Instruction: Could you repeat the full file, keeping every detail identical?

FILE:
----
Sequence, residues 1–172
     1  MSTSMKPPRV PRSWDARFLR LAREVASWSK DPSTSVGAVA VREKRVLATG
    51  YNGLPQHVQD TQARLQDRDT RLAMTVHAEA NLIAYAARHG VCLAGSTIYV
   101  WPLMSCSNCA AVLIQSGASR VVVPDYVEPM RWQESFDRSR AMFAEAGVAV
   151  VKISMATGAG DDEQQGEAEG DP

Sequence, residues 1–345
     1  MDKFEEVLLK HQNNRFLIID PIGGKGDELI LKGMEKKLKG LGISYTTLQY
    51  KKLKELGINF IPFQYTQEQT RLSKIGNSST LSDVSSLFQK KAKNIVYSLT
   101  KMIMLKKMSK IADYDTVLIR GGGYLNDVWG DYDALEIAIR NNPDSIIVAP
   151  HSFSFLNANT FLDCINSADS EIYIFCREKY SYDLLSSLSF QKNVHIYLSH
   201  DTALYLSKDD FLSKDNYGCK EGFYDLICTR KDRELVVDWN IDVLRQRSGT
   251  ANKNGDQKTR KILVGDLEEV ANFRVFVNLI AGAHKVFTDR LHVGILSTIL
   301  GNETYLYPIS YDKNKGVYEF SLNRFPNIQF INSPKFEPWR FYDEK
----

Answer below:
Sequence, residues 1–172
     1  MSTSMKPPRV PRSWDARFLR LAREVASWSK DPSTSVGAVA VREKRVLATG
    51  YNGLPQHVQD TQARLQDRDT RLAMTVHAEA NLIAYAARHG VCLAGSTIYV
   101  WPLMSCSNCA AVLIQSGASR VVVPDYVEPM RWQESFDRSR AMFAEAGVAV
   151  VKISMATGAG DDEQQGEAEG DP

Sequence, residues 1–345
     1  MDKFEEVLLK HQNNRFLIID PIGGKGDELI LKGMEKKLKG LGISYTTLQY
    51  KKLKELGINF IPFQYTQEQT RLSKIGNSST LSDVSSLFQK KAKNIVYSLT
   101  KMIMLKKMSK IADYDTVLIR GGGYLNDVWG DYDALEIAIR NNPDSIIVAP
   151  HSFSFLNANT FLDCINSADS EIYIFCREKY SYDLLSSLSF QKNVHIYLSH
   201  DTALYLSKDD FLSKDNYGCK EGFYDLICTR KDRELVVDWN IDVLRQRSGT
   251  ANKNGDQKTR KILVGDLEEV ANFRVFVNLI AGAHKVFTDR LHVGILSTIL
   301  GNETYLYPIS YDKNKGVYEF SLNRFPNIQF INSPKFEPWR FYDEK